These actions are united by their populist appeal. Modi’s core constituency is the rising Indian middle class that views corruption as the fundamental thorn in India’s economic ambitions. Much like with President-elect Trump, voters are content to turn a blind eye to his xenophobia in the name of economic development, especially if it comes at the political establishment’s expense. Xi JinPing’s erasure of opposition cuts at the core threat to the CCP’s local legitimacy – the view that corruption is eroding its egalitarian roots. Putin is able to build domestic credibility when he takes down members of the kleptocracy, even if he does this selectively. Such acts of apparent valiance make these men seem like they are rising to the challenges posed by an international order that is influx (even if they are the ones fomenting the volatility in the first place). As economic anxiety fuels frustration in each country, albeit for different structural reasons, having a henchman that seems willing to “do what it takes” is almost understandable. Even if this may be the optimal strategy, public perceptions are creating the ideal opportunity for the personalist playbook.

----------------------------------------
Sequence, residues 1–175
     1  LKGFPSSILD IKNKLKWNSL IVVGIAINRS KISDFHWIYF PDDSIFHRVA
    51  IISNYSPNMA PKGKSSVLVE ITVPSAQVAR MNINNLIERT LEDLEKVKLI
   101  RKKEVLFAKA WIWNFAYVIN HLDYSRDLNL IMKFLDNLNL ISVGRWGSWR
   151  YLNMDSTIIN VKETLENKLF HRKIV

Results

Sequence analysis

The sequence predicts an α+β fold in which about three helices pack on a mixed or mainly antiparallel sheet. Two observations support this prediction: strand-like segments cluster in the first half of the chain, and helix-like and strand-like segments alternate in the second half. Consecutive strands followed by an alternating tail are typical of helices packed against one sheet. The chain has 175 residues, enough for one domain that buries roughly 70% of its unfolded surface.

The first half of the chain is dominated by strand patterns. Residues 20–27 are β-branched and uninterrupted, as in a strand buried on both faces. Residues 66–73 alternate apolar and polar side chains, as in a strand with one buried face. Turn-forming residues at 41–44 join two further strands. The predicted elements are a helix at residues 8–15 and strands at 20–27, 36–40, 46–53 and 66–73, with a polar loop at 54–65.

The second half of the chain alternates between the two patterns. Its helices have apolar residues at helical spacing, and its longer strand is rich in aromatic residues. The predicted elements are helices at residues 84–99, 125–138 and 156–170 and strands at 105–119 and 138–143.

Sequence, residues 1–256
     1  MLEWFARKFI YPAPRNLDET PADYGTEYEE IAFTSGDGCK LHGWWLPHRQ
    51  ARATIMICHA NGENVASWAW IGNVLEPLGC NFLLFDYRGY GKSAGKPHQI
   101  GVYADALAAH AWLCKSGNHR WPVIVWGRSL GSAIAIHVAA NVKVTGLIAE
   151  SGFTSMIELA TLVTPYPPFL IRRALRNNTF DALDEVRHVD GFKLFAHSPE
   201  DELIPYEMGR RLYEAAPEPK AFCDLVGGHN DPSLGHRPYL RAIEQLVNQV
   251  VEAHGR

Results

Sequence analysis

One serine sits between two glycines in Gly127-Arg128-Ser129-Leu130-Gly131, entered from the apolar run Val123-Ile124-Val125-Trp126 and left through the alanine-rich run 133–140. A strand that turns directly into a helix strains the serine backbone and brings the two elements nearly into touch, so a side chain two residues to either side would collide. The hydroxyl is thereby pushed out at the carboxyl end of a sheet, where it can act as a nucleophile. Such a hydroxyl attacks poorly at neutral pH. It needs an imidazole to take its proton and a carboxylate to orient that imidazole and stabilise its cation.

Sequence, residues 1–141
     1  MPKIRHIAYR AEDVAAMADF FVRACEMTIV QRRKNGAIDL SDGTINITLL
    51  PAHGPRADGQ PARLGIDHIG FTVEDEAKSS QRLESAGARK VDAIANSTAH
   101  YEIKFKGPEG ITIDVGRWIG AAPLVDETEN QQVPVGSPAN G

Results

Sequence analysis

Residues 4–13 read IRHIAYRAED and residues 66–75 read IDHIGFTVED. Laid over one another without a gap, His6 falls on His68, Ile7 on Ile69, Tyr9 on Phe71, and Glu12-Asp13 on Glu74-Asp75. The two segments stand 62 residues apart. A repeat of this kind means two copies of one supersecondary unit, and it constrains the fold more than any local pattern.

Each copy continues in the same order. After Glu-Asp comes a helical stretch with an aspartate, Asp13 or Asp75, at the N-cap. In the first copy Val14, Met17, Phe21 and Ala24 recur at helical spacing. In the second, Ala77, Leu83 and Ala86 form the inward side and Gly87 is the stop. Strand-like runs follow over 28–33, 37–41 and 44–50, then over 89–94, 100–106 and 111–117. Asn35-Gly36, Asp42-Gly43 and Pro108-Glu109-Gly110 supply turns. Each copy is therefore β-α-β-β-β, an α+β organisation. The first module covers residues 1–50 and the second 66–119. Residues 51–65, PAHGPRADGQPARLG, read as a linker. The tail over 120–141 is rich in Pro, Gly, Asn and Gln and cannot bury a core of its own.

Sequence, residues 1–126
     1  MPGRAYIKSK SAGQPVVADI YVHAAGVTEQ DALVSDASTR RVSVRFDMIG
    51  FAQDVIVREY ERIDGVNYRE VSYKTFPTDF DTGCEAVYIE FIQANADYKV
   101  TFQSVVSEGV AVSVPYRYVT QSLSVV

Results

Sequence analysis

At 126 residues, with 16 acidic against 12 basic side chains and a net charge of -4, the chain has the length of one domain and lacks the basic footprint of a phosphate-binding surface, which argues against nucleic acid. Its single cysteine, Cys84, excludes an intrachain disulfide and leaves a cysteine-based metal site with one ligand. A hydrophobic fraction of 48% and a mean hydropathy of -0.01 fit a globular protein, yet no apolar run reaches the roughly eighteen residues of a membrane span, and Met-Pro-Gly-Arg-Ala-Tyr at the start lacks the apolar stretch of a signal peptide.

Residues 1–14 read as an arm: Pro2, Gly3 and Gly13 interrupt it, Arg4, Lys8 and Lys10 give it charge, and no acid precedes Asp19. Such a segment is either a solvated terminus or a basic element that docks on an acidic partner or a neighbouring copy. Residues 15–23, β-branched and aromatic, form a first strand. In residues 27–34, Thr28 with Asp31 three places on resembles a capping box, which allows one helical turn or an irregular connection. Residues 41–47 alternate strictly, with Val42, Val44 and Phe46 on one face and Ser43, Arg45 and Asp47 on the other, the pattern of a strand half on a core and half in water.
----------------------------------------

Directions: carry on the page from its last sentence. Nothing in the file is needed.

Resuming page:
Living in an age of memes, strongmen are almost trolling foreign commentators by using cosmopolitan calling cries for democratic decay. As many a constructivist has argued, we know norms exist when others try to exploit them. Unfortunately, we still lack a thorough understanding of the conditions under which this maneuvering succeeds (or fails) in curbing one’s opposition. Modi’s manipulation of liberal norms, for illiberal ends, deflects the international community’s scrutiny, while power consolidates in the hands of yet another authoritarian leader.

The Duck of Minerva’s WPTPN group is still seeking guest contributions. If you are interested in writing a post and have research expertise in international relations, international political economy, foreign policy, comparative politics, or cognate fields please see this post for more information.